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Comments on gfortran, coarrays, MPI etc.


Here are a few initial comments on feasibility, task lists and the
design of primitives.  Obviously not proposals, but merely something to
focus attention.  All references are to MPI 2.2 and N1814 (the proposed
draft FDIS).  In some cases, if you think Fortran's decisions were
demented, you should blame me :-)


1: Ordinary coarrays --------------------

One aspect that was agreed long ago (before my time) is that these have
an owning image and can be handled as ordinary arrays on their owning
image, including being passed as dummy arguments with the ASYNCHRONOUS
and VOLATILE attributes.  Coindexed objects ARE excluded from that, so
sanity prevails, unless we got it seriously wrong.  N1814 12.5.2.4 (page
293, ordinary dummy variables and their actual arguments) contains no
reference to coarrays, but has several constraints and restrictions on
coindexed objects.

But this means that gfortran HAS to allow for coarrays being accessed
by ordinary memory accesses.  No ifs or buts.  In particular, if a
section of a local coarray is passed as an argument, that can be
updated as an ordinary array while a NON-overlapping section is being
updated from another image.  For example:

   PROGRAM Main
       REAL :: array(10)[*]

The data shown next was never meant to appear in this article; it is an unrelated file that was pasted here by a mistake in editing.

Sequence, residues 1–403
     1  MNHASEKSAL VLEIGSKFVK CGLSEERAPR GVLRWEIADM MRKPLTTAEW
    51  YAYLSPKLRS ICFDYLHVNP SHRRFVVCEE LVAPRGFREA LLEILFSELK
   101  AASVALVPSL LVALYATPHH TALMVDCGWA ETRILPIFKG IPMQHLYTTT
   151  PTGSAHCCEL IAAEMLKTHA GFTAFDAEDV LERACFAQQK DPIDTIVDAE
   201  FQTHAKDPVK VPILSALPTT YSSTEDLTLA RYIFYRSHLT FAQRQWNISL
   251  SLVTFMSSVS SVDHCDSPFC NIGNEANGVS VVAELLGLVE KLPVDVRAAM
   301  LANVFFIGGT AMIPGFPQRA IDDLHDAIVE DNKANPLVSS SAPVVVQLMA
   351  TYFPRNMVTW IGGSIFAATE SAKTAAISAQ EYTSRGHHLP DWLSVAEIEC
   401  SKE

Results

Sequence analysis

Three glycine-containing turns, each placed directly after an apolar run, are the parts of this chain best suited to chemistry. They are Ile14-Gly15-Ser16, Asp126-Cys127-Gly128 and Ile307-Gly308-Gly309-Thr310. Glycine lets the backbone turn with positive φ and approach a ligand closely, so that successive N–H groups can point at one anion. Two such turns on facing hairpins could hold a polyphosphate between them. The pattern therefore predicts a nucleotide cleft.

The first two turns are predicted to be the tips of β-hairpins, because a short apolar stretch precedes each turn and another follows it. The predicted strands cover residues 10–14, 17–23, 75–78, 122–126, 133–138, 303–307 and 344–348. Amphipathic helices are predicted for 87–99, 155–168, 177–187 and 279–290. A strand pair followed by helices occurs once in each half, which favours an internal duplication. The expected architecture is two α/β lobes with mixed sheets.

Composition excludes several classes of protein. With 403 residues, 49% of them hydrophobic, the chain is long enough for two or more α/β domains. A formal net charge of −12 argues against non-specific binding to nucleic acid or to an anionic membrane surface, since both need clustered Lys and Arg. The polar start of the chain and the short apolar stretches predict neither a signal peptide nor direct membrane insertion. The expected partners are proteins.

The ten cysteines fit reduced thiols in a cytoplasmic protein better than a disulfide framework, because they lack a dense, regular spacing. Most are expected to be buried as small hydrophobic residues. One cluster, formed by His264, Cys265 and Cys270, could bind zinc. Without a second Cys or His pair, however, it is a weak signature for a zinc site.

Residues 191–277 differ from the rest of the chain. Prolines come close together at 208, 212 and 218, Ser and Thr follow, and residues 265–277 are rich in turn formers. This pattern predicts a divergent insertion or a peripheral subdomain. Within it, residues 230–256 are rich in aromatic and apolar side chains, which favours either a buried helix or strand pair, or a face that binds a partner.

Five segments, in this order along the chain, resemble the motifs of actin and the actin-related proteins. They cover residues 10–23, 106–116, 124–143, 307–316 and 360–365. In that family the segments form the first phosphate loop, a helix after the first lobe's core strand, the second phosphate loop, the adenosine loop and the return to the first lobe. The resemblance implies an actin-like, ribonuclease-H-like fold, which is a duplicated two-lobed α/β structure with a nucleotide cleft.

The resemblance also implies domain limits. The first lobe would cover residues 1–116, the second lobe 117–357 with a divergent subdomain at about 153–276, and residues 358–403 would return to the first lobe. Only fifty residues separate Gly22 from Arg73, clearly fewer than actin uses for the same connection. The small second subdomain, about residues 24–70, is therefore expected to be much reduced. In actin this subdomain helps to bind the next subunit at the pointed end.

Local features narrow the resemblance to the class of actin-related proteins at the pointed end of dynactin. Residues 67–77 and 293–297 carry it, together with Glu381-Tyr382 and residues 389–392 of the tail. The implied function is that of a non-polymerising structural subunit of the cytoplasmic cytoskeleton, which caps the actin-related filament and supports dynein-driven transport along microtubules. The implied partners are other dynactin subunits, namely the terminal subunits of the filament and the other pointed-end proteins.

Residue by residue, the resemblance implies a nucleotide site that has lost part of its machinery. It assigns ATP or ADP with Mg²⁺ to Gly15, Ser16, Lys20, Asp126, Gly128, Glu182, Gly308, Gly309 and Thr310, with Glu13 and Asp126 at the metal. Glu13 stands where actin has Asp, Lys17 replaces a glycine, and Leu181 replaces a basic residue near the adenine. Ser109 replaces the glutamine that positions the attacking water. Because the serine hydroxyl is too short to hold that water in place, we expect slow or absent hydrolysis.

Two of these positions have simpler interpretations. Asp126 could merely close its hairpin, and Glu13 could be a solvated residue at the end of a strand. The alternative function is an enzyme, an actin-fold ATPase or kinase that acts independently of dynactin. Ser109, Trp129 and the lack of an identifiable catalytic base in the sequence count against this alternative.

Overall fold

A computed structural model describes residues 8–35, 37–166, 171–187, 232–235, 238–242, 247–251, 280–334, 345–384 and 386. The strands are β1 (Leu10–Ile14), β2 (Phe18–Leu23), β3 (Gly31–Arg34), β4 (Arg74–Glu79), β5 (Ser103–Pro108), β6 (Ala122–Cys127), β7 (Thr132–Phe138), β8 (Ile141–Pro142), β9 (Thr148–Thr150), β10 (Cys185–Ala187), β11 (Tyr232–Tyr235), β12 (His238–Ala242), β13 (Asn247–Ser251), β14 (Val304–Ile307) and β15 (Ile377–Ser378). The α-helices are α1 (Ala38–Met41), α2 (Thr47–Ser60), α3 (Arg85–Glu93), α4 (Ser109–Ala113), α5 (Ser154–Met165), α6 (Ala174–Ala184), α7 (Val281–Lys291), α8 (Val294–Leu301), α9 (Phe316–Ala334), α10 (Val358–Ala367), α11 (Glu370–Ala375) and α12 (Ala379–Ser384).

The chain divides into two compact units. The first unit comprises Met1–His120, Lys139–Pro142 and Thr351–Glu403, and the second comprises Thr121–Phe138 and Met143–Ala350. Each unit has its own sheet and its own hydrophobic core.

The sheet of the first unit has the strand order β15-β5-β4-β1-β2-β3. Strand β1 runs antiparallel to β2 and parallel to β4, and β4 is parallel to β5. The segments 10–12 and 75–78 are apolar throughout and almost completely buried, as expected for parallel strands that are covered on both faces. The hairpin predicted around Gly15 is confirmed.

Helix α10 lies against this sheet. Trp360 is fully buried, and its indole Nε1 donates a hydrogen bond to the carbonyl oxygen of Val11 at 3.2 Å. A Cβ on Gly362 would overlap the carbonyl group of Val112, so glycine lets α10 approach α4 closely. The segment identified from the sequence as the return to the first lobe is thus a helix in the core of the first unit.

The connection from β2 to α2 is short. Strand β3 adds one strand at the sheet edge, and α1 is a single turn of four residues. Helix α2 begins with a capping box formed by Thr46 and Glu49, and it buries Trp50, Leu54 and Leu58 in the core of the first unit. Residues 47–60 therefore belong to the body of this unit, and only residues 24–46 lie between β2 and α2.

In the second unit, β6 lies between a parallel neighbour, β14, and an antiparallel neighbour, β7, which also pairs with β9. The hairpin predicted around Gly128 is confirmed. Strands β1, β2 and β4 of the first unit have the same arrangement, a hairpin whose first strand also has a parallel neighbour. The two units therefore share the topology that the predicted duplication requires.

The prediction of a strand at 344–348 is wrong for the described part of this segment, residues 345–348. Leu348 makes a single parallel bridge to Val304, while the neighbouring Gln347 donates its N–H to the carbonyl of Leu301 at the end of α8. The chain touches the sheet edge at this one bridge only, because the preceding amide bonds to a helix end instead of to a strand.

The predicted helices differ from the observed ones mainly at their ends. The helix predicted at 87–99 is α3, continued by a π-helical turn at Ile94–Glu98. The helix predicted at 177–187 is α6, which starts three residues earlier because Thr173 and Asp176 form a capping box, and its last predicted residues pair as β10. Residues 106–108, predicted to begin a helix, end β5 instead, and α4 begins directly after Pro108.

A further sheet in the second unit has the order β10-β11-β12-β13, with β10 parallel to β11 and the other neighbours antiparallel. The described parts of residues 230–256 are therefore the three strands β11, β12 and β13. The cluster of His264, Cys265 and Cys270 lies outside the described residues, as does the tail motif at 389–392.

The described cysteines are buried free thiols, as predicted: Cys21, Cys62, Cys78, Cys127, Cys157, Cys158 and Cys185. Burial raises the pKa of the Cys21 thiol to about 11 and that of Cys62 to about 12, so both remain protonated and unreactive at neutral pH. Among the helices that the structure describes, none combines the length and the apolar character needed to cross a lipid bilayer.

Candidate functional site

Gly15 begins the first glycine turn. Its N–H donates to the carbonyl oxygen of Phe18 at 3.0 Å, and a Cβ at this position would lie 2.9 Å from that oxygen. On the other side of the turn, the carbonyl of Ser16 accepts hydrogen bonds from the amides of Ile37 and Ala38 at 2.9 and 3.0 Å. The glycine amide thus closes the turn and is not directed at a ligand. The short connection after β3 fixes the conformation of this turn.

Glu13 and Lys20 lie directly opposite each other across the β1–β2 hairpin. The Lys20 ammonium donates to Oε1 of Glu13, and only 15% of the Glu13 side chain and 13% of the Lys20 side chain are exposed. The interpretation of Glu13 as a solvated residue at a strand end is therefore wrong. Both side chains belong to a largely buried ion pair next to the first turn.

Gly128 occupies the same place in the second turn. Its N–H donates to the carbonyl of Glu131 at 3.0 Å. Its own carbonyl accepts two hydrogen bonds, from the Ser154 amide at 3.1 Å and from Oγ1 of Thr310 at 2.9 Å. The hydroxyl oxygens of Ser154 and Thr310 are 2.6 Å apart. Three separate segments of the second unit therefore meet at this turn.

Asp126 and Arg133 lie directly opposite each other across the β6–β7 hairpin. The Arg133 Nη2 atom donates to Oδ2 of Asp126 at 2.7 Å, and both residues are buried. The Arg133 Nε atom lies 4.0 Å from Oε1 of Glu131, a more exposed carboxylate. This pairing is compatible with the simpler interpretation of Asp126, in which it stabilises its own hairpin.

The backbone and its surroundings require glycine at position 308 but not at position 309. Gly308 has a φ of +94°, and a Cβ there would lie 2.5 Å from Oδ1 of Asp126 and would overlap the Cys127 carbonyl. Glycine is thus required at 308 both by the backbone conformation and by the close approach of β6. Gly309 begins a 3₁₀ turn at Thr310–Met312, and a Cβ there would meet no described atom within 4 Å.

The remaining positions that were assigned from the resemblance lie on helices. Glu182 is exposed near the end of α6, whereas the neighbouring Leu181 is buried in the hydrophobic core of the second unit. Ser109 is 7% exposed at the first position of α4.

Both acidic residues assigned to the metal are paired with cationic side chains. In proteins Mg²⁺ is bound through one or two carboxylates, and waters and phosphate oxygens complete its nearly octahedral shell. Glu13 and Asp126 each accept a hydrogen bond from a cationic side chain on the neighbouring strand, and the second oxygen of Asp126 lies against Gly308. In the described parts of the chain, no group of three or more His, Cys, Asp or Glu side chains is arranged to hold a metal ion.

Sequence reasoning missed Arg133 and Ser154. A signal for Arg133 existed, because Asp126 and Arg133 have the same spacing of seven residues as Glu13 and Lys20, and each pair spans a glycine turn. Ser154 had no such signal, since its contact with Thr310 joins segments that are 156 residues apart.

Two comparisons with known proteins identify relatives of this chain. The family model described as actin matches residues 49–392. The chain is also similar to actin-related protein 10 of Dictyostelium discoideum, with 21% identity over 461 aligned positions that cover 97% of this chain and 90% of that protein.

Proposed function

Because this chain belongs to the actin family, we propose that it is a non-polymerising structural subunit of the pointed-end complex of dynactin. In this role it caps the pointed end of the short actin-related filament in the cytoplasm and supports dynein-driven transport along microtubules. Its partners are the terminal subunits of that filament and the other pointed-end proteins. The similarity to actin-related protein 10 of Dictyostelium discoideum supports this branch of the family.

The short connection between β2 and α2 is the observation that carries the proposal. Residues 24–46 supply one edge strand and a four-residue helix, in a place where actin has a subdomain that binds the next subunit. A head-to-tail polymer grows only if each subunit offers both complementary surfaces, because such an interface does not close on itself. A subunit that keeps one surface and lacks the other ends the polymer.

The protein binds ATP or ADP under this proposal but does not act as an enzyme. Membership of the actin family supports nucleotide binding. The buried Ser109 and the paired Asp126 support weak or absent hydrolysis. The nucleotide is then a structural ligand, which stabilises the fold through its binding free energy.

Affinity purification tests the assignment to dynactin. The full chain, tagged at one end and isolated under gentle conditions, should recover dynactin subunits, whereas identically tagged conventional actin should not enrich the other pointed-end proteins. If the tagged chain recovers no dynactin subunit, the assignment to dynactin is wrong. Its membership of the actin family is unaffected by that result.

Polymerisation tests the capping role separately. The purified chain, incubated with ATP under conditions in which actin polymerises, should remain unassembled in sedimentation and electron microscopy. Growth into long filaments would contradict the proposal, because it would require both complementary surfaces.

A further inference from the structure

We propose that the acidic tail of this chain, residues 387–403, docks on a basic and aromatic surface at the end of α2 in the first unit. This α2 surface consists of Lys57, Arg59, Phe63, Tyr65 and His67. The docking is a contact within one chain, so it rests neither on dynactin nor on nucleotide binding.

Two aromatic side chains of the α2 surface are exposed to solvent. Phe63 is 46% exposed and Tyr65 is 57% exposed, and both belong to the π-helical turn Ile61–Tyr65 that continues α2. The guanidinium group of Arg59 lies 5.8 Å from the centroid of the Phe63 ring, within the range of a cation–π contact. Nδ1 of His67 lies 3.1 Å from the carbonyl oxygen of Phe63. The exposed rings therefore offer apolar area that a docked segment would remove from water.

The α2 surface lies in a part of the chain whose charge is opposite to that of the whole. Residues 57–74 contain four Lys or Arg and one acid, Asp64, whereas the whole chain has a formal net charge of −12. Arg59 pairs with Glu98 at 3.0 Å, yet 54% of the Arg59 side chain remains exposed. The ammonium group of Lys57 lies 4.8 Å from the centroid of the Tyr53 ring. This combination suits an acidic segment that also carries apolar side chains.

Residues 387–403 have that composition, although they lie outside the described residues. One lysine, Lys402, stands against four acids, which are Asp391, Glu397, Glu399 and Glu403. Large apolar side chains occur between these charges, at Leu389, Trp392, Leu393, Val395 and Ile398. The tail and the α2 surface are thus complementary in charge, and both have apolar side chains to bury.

INTEGER :: n
       n = THIS_IMAGE()
       IF (n == 1) THEN
           CALL Fred(array(1:1))
       ELSE
           array(n)[1] = 0.0
       END IF
   END PROGRAM Main

This is the strongest argument against relying on MPI one-sided
communication for such things.  MPI 2.2 11.7 (page 365, semantics and
correctness) states explicitly that a window cannot be used in that way,
and why.  Regrettably, its concerns are real, and I have seen problems
arise from breaking its rules.  Of course, there are many systems where
they do not arise, and MPI one-sided communication will work.


2: LOCK_TYPE coarrays ---------------------

These are heavyweight objects, cannot be accessed as ordinary variables,
but must deliver sequential consistency.  There is no need to implement
them in the same way as ordinary coarrays.

For example, ALL lock variables for all images could be owned by a
special lock process, and all allocation, deallocation and access done
by RPC to that process.  That's not ideal for scalability, but it's